Distribution of Mycobacterium avium subspecies paratuberculosis in tissues of experimentally infected steers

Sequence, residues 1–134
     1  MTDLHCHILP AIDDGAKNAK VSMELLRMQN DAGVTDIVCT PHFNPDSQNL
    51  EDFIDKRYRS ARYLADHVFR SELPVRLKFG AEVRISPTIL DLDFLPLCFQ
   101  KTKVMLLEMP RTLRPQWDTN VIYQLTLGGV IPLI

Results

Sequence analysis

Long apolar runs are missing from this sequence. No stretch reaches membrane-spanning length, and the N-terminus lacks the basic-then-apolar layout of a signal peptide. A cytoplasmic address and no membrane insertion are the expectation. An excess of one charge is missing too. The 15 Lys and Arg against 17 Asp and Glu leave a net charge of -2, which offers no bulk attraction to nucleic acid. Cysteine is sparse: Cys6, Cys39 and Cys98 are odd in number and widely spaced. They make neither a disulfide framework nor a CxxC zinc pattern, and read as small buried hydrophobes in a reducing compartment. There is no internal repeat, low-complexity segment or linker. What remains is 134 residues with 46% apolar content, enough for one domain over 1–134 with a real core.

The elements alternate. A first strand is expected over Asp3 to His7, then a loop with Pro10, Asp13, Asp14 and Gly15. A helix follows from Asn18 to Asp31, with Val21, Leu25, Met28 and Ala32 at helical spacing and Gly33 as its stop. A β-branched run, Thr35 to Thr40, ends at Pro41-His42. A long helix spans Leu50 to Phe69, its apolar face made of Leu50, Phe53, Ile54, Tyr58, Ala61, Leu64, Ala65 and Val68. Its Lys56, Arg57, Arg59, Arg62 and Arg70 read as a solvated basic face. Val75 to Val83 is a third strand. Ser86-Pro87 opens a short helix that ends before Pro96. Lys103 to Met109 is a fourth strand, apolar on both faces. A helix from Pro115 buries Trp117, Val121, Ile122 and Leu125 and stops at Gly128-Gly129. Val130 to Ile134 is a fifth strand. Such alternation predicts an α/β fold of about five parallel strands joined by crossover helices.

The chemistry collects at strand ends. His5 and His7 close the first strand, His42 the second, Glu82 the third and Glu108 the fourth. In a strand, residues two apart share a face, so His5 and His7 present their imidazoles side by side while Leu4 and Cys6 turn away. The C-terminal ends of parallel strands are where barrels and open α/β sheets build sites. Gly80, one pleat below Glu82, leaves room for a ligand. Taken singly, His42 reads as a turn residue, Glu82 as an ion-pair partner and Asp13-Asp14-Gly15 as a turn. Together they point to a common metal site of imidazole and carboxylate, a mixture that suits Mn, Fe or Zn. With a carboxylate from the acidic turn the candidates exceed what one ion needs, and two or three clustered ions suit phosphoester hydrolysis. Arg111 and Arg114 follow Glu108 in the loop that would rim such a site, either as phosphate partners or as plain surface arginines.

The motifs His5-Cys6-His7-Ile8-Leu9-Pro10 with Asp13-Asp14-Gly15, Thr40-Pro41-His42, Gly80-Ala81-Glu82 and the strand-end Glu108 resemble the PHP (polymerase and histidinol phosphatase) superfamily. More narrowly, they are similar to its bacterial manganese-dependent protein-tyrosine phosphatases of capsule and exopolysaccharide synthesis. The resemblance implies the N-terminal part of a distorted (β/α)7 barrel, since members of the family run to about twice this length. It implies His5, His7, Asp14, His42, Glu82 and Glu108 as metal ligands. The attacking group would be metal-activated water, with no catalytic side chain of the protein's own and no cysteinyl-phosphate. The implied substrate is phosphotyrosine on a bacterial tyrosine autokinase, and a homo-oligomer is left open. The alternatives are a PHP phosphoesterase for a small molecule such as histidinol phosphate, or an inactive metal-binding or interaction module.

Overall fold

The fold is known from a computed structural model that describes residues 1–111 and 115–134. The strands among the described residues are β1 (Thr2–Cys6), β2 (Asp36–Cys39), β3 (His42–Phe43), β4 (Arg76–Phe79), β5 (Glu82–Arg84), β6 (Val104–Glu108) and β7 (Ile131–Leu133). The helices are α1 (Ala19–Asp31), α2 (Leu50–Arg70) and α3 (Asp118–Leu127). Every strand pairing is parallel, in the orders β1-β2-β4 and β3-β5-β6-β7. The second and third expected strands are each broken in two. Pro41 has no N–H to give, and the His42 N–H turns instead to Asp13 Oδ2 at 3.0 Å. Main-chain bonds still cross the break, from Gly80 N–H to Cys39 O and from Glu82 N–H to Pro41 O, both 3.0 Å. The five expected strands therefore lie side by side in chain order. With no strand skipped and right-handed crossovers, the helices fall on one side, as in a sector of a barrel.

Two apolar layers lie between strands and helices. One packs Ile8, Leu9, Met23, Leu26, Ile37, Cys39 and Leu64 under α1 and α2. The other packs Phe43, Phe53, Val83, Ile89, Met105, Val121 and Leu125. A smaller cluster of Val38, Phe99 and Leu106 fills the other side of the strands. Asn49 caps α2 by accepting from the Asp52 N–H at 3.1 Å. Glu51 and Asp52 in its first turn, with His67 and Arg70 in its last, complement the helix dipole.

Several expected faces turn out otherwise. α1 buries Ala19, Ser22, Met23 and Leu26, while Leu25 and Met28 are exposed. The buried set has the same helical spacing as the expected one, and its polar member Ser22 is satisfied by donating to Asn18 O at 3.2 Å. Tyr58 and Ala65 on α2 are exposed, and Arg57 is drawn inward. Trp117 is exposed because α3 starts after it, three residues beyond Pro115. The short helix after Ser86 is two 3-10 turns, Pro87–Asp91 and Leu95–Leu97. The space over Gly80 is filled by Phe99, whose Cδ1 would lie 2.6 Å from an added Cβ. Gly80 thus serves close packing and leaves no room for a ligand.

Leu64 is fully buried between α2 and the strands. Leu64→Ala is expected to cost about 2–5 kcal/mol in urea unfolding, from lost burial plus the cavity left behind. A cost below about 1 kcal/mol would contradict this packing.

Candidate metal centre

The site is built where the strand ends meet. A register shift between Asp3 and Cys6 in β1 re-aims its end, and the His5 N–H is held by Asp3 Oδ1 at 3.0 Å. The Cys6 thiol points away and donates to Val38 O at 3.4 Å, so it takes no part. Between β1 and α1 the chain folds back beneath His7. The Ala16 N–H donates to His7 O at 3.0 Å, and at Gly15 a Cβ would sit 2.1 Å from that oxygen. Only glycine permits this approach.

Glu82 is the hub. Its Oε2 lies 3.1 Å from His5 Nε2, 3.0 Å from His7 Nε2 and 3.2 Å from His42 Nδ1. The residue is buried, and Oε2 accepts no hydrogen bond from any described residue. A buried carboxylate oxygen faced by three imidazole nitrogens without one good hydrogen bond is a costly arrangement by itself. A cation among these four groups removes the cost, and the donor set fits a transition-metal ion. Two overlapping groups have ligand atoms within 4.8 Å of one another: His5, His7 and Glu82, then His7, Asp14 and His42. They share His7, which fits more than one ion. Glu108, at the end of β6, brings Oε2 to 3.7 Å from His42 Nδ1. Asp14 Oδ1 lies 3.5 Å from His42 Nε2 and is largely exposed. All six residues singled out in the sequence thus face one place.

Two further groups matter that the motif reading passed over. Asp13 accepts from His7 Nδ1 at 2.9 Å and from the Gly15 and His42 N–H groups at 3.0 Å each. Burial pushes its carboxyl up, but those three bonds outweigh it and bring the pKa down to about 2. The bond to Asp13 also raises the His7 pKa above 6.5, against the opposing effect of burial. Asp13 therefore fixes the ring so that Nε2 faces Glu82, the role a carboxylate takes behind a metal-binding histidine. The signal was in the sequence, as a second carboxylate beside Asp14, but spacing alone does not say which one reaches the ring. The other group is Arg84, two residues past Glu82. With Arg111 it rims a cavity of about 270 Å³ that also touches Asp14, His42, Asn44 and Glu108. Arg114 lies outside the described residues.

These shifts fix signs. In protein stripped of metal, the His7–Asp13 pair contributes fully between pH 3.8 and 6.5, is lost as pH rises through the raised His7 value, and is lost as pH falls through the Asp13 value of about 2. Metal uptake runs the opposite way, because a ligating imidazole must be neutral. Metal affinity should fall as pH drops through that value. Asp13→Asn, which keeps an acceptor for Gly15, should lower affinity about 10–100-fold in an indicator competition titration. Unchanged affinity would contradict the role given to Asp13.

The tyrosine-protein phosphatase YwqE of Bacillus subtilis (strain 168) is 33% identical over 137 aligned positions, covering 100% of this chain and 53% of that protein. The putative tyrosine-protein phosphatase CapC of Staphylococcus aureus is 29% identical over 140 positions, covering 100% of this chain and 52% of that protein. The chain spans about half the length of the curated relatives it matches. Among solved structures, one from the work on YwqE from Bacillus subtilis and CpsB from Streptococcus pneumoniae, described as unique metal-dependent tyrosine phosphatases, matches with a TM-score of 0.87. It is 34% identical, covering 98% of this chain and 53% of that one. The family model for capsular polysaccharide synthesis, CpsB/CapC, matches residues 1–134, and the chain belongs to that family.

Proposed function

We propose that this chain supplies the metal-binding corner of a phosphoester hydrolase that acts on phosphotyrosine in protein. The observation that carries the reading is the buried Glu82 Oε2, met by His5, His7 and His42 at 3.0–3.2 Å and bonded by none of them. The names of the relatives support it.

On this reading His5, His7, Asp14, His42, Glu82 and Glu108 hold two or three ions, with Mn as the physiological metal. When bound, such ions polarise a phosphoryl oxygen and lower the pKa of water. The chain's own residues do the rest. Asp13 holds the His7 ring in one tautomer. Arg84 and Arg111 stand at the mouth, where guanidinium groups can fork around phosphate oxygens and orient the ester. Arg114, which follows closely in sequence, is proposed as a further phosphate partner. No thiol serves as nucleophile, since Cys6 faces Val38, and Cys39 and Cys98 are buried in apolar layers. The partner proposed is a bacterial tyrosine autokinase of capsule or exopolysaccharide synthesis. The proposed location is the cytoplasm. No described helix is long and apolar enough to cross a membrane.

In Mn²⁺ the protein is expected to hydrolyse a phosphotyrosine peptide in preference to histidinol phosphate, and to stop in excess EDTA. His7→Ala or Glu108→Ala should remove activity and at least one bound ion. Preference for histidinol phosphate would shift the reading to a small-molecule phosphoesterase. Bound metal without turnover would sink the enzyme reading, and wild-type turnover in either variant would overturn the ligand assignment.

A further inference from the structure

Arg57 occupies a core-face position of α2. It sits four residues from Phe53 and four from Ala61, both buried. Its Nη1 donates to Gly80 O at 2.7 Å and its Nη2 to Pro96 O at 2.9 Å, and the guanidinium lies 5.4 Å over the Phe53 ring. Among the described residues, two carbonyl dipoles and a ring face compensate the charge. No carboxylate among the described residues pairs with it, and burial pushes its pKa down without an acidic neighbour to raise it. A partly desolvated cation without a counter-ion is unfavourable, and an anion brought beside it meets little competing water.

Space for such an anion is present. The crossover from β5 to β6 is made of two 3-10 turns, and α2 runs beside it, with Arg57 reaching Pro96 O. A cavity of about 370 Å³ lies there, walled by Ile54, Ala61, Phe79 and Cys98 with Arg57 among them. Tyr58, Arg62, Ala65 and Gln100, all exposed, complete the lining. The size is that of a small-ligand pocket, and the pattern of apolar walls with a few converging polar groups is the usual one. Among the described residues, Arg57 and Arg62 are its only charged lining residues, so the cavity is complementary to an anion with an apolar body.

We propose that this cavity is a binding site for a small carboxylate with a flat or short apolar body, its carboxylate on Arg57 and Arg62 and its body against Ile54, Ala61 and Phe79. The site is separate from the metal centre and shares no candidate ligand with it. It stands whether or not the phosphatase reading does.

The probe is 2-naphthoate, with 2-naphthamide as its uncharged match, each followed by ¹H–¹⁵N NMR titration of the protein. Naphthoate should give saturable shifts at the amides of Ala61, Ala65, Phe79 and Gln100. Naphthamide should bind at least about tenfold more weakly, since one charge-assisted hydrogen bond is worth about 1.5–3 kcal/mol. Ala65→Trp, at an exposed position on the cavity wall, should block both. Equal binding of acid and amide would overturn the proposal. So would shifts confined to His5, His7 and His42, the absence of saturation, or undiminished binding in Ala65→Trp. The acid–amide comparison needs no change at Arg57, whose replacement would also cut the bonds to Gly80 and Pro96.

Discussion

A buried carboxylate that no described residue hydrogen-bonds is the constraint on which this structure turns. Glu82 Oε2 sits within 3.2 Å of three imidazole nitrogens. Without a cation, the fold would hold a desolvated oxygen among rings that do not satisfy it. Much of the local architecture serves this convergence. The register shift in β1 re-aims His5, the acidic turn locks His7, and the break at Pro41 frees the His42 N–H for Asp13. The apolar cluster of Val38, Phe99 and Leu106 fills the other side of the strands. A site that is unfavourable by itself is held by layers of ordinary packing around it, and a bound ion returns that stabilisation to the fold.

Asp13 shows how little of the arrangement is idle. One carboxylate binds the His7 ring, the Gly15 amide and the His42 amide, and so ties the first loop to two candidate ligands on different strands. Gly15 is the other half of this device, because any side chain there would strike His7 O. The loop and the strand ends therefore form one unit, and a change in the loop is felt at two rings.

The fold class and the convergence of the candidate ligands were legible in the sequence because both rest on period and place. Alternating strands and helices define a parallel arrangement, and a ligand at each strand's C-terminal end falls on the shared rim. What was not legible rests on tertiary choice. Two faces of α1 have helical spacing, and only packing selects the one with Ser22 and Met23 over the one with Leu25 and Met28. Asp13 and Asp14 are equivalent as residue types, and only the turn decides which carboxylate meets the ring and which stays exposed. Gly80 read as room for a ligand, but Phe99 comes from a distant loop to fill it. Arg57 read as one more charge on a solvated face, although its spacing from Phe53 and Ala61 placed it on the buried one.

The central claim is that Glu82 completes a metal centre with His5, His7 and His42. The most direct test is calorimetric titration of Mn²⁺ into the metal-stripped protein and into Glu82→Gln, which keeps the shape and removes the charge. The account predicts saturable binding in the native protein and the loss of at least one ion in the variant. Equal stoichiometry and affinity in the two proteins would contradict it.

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Tissue culture was carried out on 30 experimentally MAP inoculated calves in 5 different age groups (2w, 3m, 6m, 9m and 12m) with two different doses and on 3 uninfected calves (control), after euthanasia at 17 months of age. In total 21 tissues per animal were taken from different locations: duodenum, jejunum (mid and distal part), ileum (proximal, mid and distal part), ileocaecal valve, caecum, colon (spiral colon and transverse colon), rectum, lymph nodes corresponding with the previously mentioned gastro-intestinal tract samples (except for the spiral colon, transverse colon and rectum), hepatic lymphnode, tonsil, retropharyngeal lymph node and the superficial inguinal lymph node. After decontamination and 48 days of incubation at 37°C a confirmatory identification of MAP with F57 qPCR was performed. In total 19 of the 31 infected calves (61,3%) were tissue culture positive. The tissue with the highest probability for detection of an infected animal was the ileocaecal valve with 0.19, considered very low. In 45,2% of the infected animals MAP was found in the GI tract tissue, in 25,8% of the animals had positive tissues for the associated lymph nodes of the GI tract and for the other lymph nodes (hepatic, retropharyngeal and superficial inguinal) MAP was found in 12.9% of the animals. Out of the 19 tissue culture positive animals, MAP was detected in 73,7% of the animals with GI tract tissues. Considering that all MAP inoculated animals are successfully infected, which is perhaps not true, the results suggest that tissue culture, considered to be the gold standard, detects a lower percentage of infected animals than expected, this leads to underestimation of test agreements. Tissue samples from multiple sites are necessary to detect 100% of the infected animals. The probability of detection of an infected animal per location is too low to use as single detection method of an infected animal. Dissemination of MAP takes already place in the subclinical stage of JD instead of the previous assumed clinical stage of JD.